Mobile phone boom in Asia-Pacific
The latest research by Gartner reveals that in the first quarter of 2013, the Asia-Pacific region led worldwide mobile phone sales, with 53.1%. It is also the only region to show growth in mobile phone sales, with a 6.4% increase year-on-year.
Mobile phone sales in the Europe, Middle East and Africa region declined 3.6%, while North America and Latin America's mobile phone market fell 9.5% and 3.8%, respectively.
The research report showed that close to 426 million mobile phones were sold worldwide in the first quarter of 2013, an increase of 0.7% year-on-year. Smartphone sales increased 42.9% year-on-year, selling a total of 210 million units worldwide.
Principal research analyst at Gartner, Anshul Gupta, says more than 226 million mobile phones were sold to end-users in Asia-Pacific in the first quarter of 2013. "In addition, China saw its mobile phone sales increase 7.5% in the first quarter of 2013, and its sales represented 25.7% of global mobile phone sales, up nearly two percentage points year-on-year."
Gupta adds that the main driver for the increasing sales in the region is Chinese and local manufacturers addressing the demands of buyers by offering affordable devices with optimum features such as 2.5G (EDGE) instead of 3G in a smartphone.
Smart versus feature
The research also shows smartphones accounted for 49.3% of mobile phones sales in the first quarter of 2013, and sales of feature phones declined by 21.8%.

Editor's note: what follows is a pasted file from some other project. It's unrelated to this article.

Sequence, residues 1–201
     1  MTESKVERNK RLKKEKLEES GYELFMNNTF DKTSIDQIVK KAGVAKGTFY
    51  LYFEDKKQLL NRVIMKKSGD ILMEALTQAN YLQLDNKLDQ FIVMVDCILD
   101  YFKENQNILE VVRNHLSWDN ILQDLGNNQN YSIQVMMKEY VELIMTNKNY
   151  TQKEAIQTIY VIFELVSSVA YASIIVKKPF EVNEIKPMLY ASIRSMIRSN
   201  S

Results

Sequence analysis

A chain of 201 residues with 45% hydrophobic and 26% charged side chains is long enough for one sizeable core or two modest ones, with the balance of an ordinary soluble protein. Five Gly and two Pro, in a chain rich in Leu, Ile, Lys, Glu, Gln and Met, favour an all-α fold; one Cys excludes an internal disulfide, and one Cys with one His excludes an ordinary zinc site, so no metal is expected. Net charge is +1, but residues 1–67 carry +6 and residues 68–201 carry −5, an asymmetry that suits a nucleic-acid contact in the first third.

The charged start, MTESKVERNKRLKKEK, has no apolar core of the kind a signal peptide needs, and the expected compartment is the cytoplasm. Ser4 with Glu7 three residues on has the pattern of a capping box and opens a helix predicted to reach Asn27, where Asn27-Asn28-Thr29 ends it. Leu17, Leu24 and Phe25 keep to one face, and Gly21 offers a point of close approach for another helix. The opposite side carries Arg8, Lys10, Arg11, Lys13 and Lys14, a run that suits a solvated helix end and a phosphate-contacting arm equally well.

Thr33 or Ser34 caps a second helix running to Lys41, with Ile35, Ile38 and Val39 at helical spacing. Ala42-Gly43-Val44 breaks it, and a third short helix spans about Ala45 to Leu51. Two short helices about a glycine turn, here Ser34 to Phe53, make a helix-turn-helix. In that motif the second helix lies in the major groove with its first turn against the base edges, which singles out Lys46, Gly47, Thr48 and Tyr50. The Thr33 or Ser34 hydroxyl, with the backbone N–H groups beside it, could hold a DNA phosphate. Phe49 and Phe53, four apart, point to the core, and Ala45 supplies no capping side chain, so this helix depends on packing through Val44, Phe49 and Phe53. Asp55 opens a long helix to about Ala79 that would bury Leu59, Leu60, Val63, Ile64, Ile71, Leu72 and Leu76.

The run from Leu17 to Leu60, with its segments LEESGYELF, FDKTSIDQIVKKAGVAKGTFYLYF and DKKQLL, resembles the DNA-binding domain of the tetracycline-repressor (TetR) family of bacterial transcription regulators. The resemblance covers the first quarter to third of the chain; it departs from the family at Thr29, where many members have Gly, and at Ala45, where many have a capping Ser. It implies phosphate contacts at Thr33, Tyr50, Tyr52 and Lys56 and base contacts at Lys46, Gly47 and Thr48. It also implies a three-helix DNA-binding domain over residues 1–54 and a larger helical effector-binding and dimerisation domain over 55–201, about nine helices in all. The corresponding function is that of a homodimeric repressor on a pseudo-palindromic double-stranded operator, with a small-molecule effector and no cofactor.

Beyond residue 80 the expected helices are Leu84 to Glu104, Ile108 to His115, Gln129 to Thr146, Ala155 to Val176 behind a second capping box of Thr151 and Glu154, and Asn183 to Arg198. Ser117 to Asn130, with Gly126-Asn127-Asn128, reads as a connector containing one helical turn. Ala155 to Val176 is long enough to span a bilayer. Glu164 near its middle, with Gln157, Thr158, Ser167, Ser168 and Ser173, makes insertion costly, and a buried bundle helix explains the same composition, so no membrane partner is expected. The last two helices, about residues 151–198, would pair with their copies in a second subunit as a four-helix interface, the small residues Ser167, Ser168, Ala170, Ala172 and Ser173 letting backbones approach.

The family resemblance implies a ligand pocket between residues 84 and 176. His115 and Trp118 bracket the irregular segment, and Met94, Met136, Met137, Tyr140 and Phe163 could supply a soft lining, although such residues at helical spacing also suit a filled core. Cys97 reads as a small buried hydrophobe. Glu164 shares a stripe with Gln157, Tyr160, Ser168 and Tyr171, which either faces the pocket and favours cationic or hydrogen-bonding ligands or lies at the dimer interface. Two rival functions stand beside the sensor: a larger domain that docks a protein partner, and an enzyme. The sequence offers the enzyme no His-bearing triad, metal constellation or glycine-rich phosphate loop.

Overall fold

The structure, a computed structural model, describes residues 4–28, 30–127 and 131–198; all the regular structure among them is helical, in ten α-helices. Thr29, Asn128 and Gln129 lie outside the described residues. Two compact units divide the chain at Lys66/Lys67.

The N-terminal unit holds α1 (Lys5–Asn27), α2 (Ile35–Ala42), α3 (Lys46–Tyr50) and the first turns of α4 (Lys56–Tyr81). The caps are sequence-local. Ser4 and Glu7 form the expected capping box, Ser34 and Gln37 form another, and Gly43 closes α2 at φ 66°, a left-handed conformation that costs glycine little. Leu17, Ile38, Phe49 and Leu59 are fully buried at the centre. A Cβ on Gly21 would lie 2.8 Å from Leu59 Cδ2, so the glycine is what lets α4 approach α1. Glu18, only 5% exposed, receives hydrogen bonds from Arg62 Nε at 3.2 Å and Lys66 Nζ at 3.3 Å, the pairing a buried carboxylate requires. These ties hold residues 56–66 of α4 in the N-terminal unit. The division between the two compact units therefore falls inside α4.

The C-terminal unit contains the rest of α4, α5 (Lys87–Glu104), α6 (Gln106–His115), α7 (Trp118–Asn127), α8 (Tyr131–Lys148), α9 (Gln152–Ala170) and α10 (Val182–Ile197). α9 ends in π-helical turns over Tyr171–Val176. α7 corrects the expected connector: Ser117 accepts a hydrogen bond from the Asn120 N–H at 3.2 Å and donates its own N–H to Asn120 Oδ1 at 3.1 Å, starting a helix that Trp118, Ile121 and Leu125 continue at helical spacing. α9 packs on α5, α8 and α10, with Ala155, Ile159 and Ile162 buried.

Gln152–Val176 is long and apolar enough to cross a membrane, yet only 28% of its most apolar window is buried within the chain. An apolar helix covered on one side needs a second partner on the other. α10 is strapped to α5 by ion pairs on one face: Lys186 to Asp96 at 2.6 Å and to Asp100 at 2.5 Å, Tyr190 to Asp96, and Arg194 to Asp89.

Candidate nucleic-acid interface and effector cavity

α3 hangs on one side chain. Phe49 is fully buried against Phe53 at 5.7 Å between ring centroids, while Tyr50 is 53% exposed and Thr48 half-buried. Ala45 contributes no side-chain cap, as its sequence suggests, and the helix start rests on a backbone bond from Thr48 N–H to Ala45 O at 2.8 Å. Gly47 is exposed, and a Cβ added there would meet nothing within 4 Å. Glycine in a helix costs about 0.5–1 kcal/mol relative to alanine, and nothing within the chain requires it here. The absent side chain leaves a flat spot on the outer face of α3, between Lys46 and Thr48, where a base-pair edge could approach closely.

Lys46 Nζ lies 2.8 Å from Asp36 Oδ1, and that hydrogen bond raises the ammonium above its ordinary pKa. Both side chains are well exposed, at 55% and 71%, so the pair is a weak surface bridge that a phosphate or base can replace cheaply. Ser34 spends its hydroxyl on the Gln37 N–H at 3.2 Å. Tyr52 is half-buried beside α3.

Gupta says the decline in feature phone sales will have an impact, as it will slow down the overall market growth. "Feature phone users across the world are either finding their existing phones good enough, or are waiting for smartphone prices to drop further; either way the prospect of longer replacement cycles is certainly not good news for both vendors and carriers looking to move users forward."
This contributed heavily to Nokia's market share dropping 4.9%. Nokia also lost its footing in the smartphone market, dropping to number 10 in the first quarter of 2013.
In SA, Gupta says smartphones accounted for 50% of all mobile phone sales in the first quarter of 2013.
Last month, research by the International Data Corporation (IDC) Worldwide Quarterly Mobile Phone Tracker found smartphones sold more units than feature phones in the first quarter of 2013, making up 51.6% of global mobile phone shipments.
Research manager with IDC's mobile phone team, Ramon Llamas, says the emergence of Chinese companies among the leading smartphone vendors contributed to the slowdown of feature phone shipments.
"A year ago, it was common to see previous market leaders Nokia, BlackBerry (then Research In Motion), and HTC among the top five. While those companies have been in various stages of transformation since, Chinese vendors, including Huawei and ZTE as well as Coolpad and Lenovo, have made significant strides to capture new users with their respective Android smartphones," notes Llamas.
Samsung still remains at the top of both the mobile phone and smartphone tables in the first quarter of 2013, while its biggest competitor, Apple, sits in third place behind Nokia. While the Finnish manufacturer lost more than 4% market share, Apple managed a slim increase of just over 1%.
Gupta says the US computing giant is becoming increasingly dependent on the replacement market as its addressable market is capped. "The next two quarters will also be challenging, as there are no new products expected to be coming before the third quarter of 2013."
He says China is a key contributor to overall sales for Apple, with sales reaching close to seven million units in mainland China alone due to the lower price of the iPhone 4.
He adds that Apple is targeting a niche segment and in markets where devices are not subsidised and sold through open channels. "In SA, Apple sold roughly 195 000 devices in the first quarter of 2013."
Meanwhile, local and Chinese manufacturers in the Asia-Pacific region showed massive growth, increasing their market share to 29% from 13.2% the previous year.